2. Talk to your customers: When Shuttle founders decided that they wanted to launch a transportation service for female university-going students, they took out time and went to different private universities in Dhaka and talked to female students to understand whether it is a problem for them and whether they would use it if there was a service like Shuttle. “In the early days, my co-founder Jawad bhai would spend the literally whole day speaking with customers,” said Reyasat. This helped the Shuttle team to develop their unique insight into the market and the problem. 

3. Be relentlessly resourceful: Part of the reason Shuttle started with minivans in the early days is that it is the easiest way to start a transportation company without facing any legal challenges. Your driver and your vehicle will have to all the proper documents but there are not many legal requirements. Finding this way out allowed Shuttle to quickly launch its product and get market feedback instead of going through lengthy permission processes. Shuttle team has consistently shown resourcefulness throughout their journey. In the early days, Shuttle had trips starting at 6:30 am the morning to 10:30 pm. The shuttle team would start working at 5:00 am that would continue till 11:00 pm. Paul Graham says exceptional founders are relentlessly resourceful. They find a way out and get things done.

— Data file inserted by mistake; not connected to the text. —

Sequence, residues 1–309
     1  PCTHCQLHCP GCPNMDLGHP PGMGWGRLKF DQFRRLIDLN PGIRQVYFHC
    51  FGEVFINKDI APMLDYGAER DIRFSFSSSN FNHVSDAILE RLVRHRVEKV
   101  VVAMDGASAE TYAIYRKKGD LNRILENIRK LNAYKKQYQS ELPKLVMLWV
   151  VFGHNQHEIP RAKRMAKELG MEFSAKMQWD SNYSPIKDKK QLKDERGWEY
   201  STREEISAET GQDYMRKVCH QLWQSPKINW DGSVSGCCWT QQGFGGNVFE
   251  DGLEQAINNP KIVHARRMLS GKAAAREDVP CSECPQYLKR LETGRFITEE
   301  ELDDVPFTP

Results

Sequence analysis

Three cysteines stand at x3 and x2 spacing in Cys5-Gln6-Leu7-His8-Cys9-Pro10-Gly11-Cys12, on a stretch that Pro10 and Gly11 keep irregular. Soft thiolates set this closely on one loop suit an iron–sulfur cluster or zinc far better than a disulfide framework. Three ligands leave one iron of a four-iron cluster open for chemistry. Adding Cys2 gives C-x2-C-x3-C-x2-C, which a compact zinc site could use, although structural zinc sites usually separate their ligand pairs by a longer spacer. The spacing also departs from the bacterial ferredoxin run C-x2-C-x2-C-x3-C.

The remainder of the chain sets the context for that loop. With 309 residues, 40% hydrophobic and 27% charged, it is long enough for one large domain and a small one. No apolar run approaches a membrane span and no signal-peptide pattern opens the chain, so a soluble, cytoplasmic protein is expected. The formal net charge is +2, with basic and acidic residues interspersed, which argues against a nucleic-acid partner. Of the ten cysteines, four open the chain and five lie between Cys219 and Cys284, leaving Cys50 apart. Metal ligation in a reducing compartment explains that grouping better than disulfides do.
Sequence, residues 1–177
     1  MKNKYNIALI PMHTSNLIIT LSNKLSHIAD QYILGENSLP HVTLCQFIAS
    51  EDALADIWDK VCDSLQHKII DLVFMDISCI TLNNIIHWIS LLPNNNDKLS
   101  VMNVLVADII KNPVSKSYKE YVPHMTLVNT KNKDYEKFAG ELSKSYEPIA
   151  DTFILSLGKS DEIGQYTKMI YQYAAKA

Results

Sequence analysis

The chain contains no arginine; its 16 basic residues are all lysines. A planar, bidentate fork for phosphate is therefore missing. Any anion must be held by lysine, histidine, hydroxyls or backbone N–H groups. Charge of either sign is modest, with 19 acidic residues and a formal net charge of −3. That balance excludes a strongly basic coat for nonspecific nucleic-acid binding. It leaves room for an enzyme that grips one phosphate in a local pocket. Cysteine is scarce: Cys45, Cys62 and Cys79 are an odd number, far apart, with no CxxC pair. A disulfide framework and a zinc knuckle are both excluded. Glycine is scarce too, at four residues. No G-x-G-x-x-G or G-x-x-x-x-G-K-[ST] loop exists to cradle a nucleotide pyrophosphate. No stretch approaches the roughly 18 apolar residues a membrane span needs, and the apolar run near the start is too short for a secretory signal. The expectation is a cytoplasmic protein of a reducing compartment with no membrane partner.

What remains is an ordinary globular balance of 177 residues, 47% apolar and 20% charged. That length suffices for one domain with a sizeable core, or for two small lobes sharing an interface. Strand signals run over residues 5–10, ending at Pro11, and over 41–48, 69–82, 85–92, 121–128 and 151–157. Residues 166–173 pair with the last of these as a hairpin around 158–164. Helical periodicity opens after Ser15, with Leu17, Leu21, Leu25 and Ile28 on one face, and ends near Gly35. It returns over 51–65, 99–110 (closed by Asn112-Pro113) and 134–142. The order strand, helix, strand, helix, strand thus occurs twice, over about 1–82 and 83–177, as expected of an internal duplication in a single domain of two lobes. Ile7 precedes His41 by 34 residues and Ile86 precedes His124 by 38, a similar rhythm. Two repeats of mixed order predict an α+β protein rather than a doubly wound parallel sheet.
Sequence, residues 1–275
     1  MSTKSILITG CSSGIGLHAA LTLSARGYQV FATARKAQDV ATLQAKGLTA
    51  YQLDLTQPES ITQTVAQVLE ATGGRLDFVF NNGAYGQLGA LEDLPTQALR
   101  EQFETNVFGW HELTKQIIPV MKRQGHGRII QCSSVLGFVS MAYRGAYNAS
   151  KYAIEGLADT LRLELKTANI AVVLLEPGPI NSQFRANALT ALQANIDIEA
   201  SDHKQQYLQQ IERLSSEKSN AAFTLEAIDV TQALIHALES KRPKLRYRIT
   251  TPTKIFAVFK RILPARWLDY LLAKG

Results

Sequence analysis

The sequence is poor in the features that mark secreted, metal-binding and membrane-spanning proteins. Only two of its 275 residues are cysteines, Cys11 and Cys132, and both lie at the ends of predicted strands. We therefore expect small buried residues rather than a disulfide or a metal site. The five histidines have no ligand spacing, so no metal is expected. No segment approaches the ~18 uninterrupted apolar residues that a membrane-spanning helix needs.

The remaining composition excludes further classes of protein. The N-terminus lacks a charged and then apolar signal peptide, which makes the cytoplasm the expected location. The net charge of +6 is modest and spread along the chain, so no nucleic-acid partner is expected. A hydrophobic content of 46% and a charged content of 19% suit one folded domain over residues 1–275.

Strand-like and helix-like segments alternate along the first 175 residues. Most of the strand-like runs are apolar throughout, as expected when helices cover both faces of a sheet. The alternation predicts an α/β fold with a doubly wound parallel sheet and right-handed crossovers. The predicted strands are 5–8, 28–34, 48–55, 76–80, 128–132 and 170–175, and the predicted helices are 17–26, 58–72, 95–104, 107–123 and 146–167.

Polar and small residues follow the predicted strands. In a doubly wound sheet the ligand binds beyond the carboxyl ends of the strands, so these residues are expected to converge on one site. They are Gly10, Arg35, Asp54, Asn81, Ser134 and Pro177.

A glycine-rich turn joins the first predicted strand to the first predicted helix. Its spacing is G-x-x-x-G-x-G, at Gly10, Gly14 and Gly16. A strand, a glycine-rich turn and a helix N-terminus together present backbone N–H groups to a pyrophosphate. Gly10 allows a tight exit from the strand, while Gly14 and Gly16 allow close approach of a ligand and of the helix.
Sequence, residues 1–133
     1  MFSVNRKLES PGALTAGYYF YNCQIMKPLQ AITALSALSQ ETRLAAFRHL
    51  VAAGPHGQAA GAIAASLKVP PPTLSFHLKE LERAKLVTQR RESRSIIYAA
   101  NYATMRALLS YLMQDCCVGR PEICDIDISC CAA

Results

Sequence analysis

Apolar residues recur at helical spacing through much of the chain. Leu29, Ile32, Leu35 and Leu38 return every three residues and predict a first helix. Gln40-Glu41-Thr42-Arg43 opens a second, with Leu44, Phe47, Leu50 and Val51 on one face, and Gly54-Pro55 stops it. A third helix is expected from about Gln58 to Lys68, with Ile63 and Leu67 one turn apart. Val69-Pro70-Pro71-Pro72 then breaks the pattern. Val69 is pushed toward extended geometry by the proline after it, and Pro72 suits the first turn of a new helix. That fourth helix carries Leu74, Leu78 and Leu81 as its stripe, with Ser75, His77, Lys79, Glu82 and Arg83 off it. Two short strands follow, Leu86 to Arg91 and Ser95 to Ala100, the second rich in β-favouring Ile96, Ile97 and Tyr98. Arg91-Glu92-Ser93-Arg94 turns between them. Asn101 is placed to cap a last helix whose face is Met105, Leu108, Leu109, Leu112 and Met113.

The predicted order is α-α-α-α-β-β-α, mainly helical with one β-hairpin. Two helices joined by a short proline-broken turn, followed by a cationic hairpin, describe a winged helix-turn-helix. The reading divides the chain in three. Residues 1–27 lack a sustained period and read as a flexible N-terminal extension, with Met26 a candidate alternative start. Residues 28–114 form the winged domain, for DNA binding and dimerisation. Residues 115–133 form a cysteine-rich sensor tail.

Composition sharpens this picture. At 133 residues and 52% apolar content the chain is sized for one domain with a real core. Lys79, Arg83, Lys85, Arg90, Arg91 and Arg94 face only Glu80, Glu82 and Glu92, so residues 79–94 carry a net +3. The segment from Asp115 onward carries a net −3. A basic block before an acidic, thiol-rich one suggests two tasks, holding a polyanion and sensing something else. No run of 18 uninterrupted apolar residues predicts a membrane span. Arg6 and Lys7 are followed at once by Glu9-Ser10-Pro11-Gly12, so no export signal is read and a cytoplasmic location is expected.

The talk was full of actionable insights and inspiration for founders and professionals alike. We plan to release a video version of the talk in the coming weeks. Keep an eye on the FS website. 

Founded in 2018, Shuttle initially started as a transportation service for women, predominantly for female students. The company has since expanded and launched multiple services including a common service for both males and females, a shuttle for business service where it helps companies to provide transportation service to their employees, and is now working on a shuttle for school service for schools in Dhaka. 

FS Talk, a monthly event series from Future Startup, is a small, friendly gathering of entrepreneurs, change-makers, doers, and artists from a wide range of backgrounds where people come together to talk about all things entrepreneurship, building things, trials and tribulations of entrepreneurial journeys, and meet each other and share ideas and opportunities. Future Startup relaunched the talk series in 2022 with an ambition to build a community to promote and enable entrepreneurship and entrepreneurial thinking. The talk takes place virtually on the last Saturday of every month. Falk Talk January was the 3rd event of the series. To stay updated on our upcoming events, join our email list here. 

Mohammad Ruhul Kader is a Dhaka-based entrepreneur and writer. He founded Future Startup, a digital publication covering the startup and technology scene in Dhaka with an ambition to transform Bangladesh through entrepreneurship and innovation. He writes about internet business, strategy, technology, and society. He is the author of Rethinking Failure. His writings have been published in almost all major national dailies in Bangladesh including DT, FE, etc. Prior to FS, he worked for a local conglomerate where he helped start a social enterprise. Ruhul is a 2022 winner of Emergent Ventures, a fellowship and grant program from the Mercatus Center at George Mason University. He can be reached at [email protected]